12. Habibi G, Sarvary S (2015) The roles of selenium in protecting lemon balm against salt stress. Iran J Plant Physiol 5:1425–1433Google Scholar
  13. Jaén J, de Saldana EG, Hernandez C (1999) Characterization of reaction products of iron and iron salts and aqueous plant extracts. Hyper Interact 122:139–145CrossRefGoogle Scholar
  14. Kotuby-Amacher J, Koenig R, Kitchen B (2000) Salinity and plant tolerance. Electronic Publication AG-SO-03, Utah State University Extension, Available via https://digitalcommons.usu.edu. Cited 4 Apr 2019
  15. Liang Y, Chen Q, Liu Q, Zhang W, Ding R (2003) Exogenous silicon (Si) increases antioxidant enzyme activity and reduces lipid peroxidation in roots of salt-stressed barley (Hordeum vulgare L.). J Plant Physiol 160:1157–1164CrossRefGoogle Scholar
  16. Lichtenthaler HK, Buschmann C (2001) Chlorophylls and carotenoids: measurement and characterization by UV-VIS spectroscopy. In: Wrolstad RE, Acree TE, An H, Decker EA, Penner MH, Reid DS, Schwartz SJ, Shoemaker Sporns P (eds) Current protocols in food analytical chemistry (CPFA). Wiley, New York, pp F4.3.1 –F4.3.8,Google Scholar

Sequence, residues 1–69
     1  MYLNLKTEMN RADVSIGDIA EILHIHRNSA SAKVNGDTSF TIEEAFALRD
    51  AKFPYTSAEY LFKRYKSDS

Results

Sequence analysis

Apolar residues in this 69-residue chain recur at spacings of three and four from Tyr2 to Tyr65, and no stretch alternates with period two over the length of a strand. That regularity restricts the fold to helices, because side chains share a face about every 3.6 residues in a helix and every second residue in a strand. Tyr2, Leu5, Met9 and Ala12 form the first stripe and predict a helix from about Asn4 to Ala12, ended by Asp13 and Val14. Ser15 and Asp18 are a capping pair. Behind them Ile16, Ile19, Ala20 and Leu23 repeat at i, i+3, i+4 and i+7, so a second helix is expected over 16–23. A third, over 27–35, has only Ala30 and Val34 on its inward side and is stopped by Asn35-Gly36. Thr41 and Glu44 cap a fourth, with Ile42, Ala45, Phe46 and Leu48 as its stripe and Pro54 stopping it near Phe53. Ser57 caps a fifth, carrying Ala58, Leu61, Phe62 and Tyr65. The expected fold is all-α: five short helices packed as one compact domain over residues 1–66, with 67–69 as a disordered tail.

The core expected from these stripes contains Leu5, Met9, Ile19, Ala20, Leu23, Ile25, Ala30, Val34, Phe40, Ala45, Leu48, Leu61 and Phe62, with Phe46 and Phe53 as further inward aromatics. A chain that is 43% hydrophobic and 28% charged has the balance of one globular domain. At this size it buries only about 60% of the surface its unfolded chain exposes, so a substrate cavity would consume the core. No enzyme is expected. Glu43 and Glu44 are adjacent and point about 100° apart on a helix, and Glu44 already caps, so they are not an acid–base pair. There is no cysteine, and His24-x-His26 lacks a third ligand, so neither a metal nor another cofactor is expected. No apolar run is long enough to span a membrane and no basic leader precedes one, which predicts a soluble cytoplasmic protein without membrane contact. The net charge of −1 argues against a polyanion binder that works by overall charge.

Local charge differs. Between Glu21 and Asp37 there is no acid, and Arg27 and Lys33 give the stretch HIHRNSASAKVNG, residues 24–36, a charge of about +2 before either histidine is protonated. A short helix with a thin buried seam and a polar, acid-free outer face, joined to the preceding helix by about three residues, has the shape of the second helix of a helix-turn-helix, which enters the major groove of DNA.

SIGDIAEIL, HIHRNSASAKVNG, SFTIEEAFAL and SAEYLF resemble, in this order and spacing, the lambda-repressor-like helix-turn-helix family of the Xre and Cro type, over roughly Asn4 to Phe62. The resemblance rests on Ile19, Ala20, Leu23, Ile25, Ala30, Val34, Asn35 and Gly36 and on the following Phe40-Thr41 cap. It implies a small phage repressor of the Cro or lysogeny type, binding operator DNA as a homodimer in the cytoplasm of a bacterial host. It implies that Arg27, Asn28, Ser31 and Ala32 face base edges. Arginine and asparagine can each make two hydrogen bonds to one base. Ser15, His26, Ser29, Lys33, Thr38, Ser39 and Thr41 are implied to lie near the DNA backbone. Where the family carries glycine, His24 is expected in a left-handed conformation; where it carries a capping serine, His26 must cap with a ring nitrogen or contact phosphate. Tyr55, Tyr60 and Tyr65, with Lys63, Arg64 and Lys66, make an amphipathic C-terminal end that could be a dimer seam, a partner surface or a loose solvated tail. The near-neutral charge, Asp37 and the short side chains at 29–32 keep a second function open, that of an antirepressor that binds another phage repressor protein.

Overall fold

17. Ma JF, Takahashi E (2002) Soil, fertilizer and plant silicon research in Japan. Elsevier, AmsterdamGoogle Scholar
  18. Ma JF, Yamaji N, Mitani-Ueno N (2011) Transport of silicon from roots to panicles in plants. Proc Jpn Acad Ser B Phys Biol Sci 87:377–385CrossRefGoogle Scholar
  19. Malusá E, Sas-Paszt L, Ciesielska J (2012) Technologies for beneficial microorganisms inocula used as biofertilizers. Sci World J 2012:491206CrossRefGoogle Scholar
  20. Mozafari AA, Vafaee Y, Karami E (2015) In vitro propagation and conservation of Satureja avromanica Maroofi—an indigenous threatened medicinal plant of Iran. Physiol Mol Biol Plants 21:433–439CrossRefGoogle Scholar
  21. Murashige T, Skoog F (1962) A revised medium for rapid growth and bio assays with tobacco tissue cultures. Physiol Plant 15:473–497CrossRefGoogle Scholar